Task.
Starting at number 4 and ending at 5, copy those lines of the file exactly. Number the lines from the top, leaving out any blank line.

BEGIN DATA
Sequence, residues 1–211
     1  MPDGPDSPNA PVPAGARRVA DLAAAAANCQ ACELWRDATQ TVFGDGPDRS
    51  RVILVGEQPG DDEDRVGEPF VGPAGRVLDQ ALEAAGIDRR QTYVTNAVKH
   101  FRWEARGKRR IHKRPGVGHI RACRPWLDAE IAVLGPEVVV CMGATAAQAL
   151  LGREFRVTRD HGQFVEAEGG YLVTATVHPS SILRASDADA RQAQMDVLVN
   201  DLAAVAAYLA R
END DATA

   101  FRWEARGKRR IHKRPGVGHI RACRPWLDAE IAVLGPEVVV CMGATAAQAL
   151  LGREFRVTRD HGQFVEAEGG YLVTATVHPS SILRASDADA RQAQMDVLVN